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Globe South Dining

Langdon Farms serves up homemade marinara sauce

Jeff Robinson works in the kitchen at Langdon Farms. His business launches its first summer season this year. Jeff Robinson works in the kitchen at Langdon Farms. His business launches its first summer season this year. (Paul E. Kandarian for The Boston Globe)
May 10, 2009

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Langdon Farms
62 Marion Road, Mattapoisett
Suggested retail price of a 24-ounce jar of Langdon Sauce is $6
508-828-8030; www.langdonsauce.com.

Ever cook something at home so good people say, "You should bottle that and make a fortune?"

Jeff Robinson has done just that - minus the fortune part, at least for now.

Robinson is in his first summer season at Langdon Farms, his start-up business on Route 6, which features his homemade marinara sauce, something that stemmed from folks telling him they loved his pasta sauce.

"I've always been a gardener, and I've grown tomatoes and made the stuff for years," said Robinson, 45, who lives in Rochester. "I've made sauces for family, for friends, for neighbors, and they all loved it."

He'd been working as a comptroller for the University of Massachusetts in Dartmouth, a job he left in early 2008, giving him time to find the space to launch his business.

He came across a spot in the building holding How on Earth, a successful organic food store dedicated to selling primarily local foods, and thought it was ideal. Friends helped transform the small space into a gleaming, fully equipped commercial kitchen, and the business kicked off in September of last year.

His main product is his marinara sauce, but this summer he plans to add sweet pepper and onion cacciatore, oven-roasted garlic, Romano/Parmesan cheese, and vodka marinara sauces. As always, he said, he uses locally grown tomatoes, including his own Rochester-grown ones and those purchased from Walter Dixon in Rochester, C.N. Smith in Bridgewater, and Ward's Berry Farm in Sharon.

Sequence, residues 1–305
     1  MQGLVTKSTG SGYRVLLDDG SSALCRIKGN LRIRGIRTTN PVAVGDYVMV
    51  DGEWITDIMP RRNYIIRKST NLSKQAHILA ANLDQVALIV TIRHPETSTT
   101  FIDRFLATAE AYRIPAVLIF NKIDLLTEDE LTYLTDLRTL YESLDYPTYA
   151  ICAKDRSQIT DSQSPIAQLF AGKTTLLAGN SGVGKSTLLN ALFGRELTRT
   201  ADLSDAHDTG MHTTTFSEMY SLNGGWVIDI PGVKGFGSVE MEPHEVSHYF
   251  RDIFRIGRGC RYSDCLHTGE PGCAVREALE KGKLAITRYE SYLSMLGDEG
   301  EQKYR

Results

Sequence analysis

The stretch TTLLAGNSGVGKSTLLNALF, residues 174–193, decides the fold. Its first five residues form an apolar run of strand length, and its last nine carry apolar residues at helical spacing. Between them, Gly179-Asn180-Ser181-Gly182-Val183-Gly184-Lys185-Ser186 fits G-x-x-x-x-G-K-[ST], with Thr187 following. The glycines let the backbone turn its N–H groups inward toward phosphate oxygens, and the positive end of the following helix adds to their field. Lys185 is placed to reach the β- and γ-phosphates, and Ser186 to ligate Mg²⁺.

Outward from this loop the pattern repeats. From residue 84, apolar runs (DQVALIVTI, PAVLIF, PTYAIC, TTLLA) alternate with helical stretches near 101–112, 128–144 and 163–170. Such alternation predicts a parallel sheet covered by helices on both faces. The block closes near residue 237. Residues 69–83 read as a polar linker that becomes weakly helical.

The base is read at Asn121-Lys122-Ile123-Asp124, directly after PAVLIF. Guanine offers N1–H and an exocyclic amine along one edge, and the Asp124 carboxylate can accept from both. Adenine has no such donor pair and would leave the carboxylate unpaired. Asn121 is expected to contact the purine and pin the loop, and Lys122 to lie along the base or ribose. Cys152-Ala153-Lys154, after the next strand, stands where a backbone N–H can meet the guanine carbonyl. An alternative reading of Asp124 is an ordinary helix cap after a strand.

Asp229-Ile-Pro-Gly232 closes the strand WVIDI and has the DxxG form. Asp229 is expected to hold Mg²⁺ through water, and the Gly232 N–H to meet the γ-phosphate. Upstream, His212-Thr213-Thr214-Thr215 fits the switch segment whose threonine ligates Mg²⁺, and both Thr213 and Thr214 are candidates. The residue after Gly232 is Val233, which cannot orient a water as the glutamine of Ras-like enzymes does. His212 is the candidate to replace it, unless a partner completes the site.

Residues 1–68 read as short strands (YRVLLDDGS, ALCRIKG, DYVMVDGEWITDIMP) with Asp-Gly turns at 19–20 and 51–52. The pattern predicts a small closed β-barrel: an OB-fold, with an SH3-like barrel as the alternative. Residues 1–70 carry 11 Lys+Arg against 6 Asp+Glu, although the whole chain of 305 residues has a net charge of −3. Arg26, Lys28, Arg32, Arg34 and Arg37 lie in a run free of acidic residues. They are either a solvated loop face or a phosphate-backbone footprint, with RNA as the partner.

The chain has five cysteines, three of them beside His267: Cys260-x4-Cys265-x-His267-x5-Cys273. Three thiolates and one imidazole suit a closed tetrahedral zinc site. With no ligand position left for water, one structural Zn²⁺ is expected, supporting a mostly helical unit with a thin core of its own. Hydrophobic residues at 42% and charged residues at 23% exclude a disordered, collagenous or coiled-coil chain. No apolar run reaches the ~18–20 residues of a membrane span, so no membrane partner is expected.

The marinara sauce is smooth and loaded with sweet chunks of Roma tomato. It's a rather thin blend, which Robinson said some may like and some may not, as the sauce tends to pool around the steaming pasta. But it does stick to the noodles well, and is perfectly seasoned.

The sauce is produced in a small but serviceable kitchen dominated by two stainless steel cookers, each capable of cooking 60 gallons of sauce.

He does the bottling here and prints the labels as well, and it's largely a family operation. His father, Fred Robinson, designed the label, and Jeff's wife, Meg, along with their kids - Maggie, 16, Abby, 14, and Joe, 7 - do the bottling and labeling and whatever else they can to help.

Another part of the new business is packaging products for others, Robinson said.

He's bottling a line of organic tonic for someone and said he may be bagging organic oatmeal for another customer.

"We'll work with the customer on whatever they want to sell - they hire me to get it into the jar and make it shelf-stable," he said. "The cost can run anywhere from $1.50 to $3.25 a jar or whatever the package is. If it takes longer to cook, the charge would be more."

The advantage, he said, "is I can do small batches. If you came to me with a . . . pepper relish recipe, I could do that in small batches. If you went to a large bottler, you may have to order a minimum 60,000 jars. I can do 10 to 20, whatever you want."

He sells his marinara in local stores, including at his location and the adjacent How On Earth store, and also at Lloyd's Market in Rochester, Tihonet Village Market in Wareham, The Market at Pinehills in Plymouth; and at his biggest boon so far, Trucchi's Supermarkets, a family-run grocery store chain with locations in Abington, West Bridgewater, New Bedford, and two in Taunton.

"That's a great operation, I dealt with Bill Trucchi directly and that's not likely to happen with huge food chains," Robinson said. "He took all my calls, and made the appointments himself. That's the beauty of dealing with smaller businesses locally."

He also plans to get involved with local Community Supported Agriculture cooperatives, which sell shares of local produce to customers who pick them up a few times a season.

He's also targeting small farm stands and farmers markets, doing whatever it takes to get his sauce from the field to the table.

He launched his business just as the economy tanked last fall, and isn't sure what's ahead, but he knows he loves doing it.

"But you know what, if I don't sell a single jar, I'm successful," he said, smiling. "Just the connections I've made, personal and business, it's all been worth it. And I'm doing my own thing."

Paul E. Kandarian